St Louis Cardinals v San Francisco Giants - Game Seven

Kyle Lohse is still available

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You might have forgotten, in the excitement of the start of spring training baseball and the World Baseball Classic, that starter Kyle Lohse is still teamless. The right-handed Lohse, who finished 16-3 with a 2.86 ERA with the Cardinals last year, has been unable to find a team willing to give him the contract he and agent Scott Boras expected going into the off-season. Buster Olney, for example, reported that some agents and general managers felt Lohse could command a deal in the $60-75 million range back in October.

There are some legitimate reasons to be wary of Lohse. He is 34 years old and three years removed from surgery on his right forearm. As research from Jeff Zimmerman at FanGraphs shows, the older you are and the more you have suffered injuries, the more of an injury risk you become going forward. Additionally, for teams who won’t be picking in the top-ten in the upcoming amateur draft, they would have to surrender their first round pick to sign Lohse.

Lohse, for the last two seasons, has also had results that lay in contradiction with some Sabermetric stats such as xFIP. The thought goes that a pitcher has very little control on the outcomes of batted balls, so a pitcher who has a BABIP far away from .300 in either direction will regress back to .300 in future years. For example, Roy Halladay has a career 3.31 ERA and Adam Eaton has a career 4.94 ERA, but the two are separated by only five points in career BABIP, .293 to .298. Lohse’s BABIP finished at .269 and .262 the last two seasons. As a result, his ERA (3.39, 2.86) was vastly lower than his xFIP (4.04, 3.96). As front offices have become more and more statistically-oriented, it is no surprise to see some apprehension in offering a rich, long-term deal to Lohse.

At FanGraphs, Jack Moore suggests Lohse should take a “pillow contract”. That is, a one-year deal with the intent to continue to build value. Moore cites various pillow contracts that have been given over the years, and the results are mixed. However, it worked out for the most recent player in Edwin Jackson. Jackson took a one-year, $11 million deal with the Nationals, pitched reasonably well, and turned that into a four-year, $52 million contract with the Cubs.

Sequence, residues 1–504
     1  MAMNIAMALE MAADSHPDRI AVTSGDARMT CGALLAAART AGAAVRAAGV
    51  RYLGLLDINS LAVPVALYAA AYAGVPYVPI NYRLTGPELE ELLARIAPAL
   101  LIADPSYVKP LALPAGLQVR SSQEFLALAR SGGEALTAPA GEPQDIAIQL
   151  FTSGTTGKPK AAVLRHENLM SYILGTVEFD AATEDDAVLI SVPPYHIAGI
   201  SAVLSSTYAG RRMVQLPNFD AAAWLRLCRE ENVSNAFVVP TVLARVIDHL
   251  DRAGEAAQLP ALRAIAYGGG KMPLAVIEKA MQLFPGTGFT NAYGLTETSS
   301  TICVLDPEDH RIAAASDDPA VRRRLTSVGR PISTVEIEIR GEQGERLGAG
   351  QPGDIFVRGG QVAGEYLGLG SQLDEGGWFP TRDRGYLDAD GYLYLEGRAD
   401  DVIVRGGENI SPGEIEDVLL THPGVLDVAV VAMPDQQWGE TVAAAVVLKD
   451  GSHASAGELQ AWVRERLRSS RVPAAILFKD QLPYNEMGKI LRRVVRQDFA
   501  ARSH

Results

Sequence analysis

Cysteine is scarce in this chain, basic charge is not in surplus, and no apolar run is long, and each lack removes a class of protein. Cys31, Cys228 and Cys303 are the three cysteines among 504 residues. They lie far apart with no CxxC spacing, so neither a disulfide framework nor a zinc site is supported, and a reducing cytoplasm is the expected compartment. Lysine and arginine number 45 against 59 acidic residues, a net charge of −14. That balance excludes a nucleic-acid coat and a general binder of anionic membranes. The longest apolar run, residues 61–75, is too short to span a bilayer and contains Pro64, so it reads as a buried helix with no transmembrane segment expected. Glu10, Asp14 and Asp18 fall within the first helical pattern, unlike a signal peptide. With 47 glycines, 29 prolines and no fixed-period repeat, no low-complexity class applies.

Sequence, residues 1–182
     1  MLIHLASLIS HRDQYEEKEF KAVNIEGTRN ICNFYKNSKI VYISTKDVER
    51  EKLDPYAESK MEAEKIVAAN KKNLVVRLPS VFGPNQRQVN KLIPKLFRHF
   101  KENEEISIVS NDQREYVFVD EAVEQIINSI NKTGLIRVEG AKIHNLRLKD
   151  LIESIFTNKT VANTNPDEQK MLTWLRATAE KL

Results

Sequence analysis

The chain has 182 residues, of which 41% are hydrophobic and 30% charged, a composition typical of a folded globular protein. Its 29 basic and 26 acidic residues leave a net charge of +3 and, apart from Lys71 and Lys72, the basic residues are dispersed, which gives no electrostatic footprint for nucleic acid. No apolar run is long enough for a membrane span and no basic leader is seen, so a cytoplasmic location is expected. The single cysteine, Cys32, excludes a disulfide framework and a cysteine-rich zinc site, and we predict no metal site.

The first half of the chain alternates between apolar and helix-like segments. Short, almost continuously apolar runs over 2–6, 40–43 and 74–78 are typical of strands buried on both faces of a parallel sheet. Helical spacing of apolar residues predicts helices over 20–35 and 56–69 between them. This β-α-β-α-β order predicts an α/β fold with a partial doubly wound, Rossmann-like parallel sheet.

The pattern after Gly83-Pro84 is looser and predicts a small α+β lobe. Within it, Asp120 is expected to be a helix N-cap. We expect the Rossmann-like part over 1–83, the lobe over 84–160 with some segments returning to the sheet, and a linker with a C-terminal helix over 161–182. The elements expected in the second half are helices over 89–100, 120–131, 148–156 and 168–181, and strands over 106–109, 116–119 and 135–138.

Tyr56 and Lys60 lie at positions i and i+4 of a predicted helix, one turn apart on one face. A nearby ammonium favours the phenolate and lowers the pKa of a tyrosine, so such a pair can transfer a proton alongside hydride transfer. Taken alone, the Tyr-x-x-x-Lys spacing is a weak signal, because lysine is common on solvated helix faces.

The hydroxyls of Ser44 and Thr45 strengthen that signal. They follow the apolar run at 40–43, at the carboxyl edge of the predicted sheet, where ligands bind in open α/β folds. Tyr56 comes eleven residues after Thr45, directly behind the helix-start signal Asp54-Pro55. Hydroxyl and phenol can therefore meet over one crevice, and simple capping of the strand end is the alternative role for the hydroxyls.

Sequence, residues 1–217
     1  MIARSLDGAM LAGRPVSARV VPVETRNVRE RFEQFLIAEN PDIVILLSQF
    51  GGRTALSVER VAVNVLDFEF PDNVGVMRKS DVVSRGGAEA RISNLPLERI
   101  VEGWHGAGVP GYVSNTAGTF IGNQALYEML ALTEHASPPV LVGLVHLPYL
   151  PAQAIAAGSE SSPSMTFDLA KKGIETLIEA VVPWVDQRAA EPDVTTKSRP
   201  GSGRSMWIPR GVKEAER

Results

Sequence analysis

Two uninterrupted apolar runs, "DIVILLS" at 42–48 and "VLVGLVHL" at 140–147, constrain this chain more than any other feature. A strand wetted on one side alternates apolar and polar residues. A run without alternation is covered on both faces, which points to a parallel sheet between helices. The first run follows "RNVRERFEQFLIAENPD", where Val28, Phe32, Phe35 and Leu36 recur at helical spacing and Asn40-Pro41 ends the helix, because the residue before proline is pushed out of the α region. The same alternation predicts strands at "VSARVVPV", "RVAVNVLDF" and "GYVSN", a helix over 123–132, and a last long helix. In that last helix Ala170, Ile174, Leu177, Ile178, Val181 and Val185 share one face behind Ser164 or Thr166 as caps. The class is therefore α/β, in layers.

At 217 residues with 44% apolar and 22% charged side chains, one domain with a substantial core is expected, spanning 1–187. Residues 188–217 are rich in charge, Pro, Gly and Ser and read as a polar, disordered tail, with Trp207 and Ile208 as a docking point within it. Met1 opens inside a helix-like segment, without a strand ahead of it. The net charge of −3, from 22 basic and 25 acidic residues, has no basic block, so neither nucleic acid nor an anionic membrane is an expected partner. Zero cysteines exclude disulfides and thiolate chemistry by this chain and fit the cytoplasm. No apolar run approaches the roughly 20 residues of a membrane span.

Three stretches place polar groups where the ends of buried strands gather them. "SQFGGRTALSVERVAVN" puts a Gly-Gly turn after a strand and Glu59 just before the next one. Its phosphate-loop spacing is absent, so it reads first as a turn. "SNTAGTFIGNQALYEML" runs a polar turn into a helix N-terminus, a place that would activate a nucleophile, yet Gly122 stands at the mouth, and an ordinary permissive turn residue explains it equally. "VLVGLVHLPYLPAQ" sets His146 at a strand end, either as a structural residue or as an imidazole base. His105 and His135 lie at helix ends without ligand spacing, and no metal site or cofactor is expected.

Braves sign former football player Sanders Commings

GLENDALE, AZ - AUGUST 15:  Cornerback Sanders Commings #26 of the Kansas City Chiefs on the sidelines during the pre-season NFL game against the Arizona Cardinals at the University of Phoenix Stadium on August 15, 2015 in Glendale, Arizona.  (Photo by Christian Petersen/Getty Images)
Christian Petersen/Getty Images
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The Braves have signed former football player and current outfielder Sanders Commings, an Augusta, Georgia native, to a minor league contract, Ken Rosenthal of FOX Sports reports.

Commings, 26, was a defensive back who played for the University of Georgia before being selected by the Chiefs in the fifth round of the 2013 draft. He appeared in two games in the 2013 season.

Commings also played baseball for Westside High School and was selected by the Diamondbacks in the 37th round of the 2008 draft. He chose to attend the University of Georgia instead. When football didn’t pan out, Commings started training with Jerry Hairston, Jr. Hairston said he was “blown away” when he saw Commings hit for the first time.

Obviously, Commings’ path to success as a professional baseball player will be long, but it’s a no-risk flier for the Braves. The club has past experience with football players, including Deion Sanders and Brian Jordan.

The next task for the Braves will be to acquire Ryan Goins from the Blue Jays. That way, players will look at the lineup card each day to see if it’s Commings or Goins.

Justin Verlander: “I’d like to see the AL and NL have the same rules… I vote NL rules.”

SEATTLE, WA - AUGUST 10:  Starting pitcher Justin Verlander #35 of the Detroit Tigers pitches against the Seattle Mariners in the first inning at Safeco Field on August 10, 2016 in Seattle, Washington.  (Photo by Otto Greule Jr/Getty Images)
Otto Greule Jr/Getty Images
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On Thursday afternoon, Rays pitcher Chris Archer asked his Twitter followers, “Lots swirling around what needs to be changed about the game of baseball. What do y’all want to see changed, if anything, & why?”

Tigers ace Justin Verlander responded:

To that, Archer said:

For what it’s worth, Verlander hasn’t been much of a hitter. In 47 career plate appearances, he has three singles and no extra-base hits. And if the AL did get rid of the DH rule, the Tigers would have nowhere to put Victor Martinez. Verlander, though, would have an easier time pitching to opposing pitchers rather than their DH’s.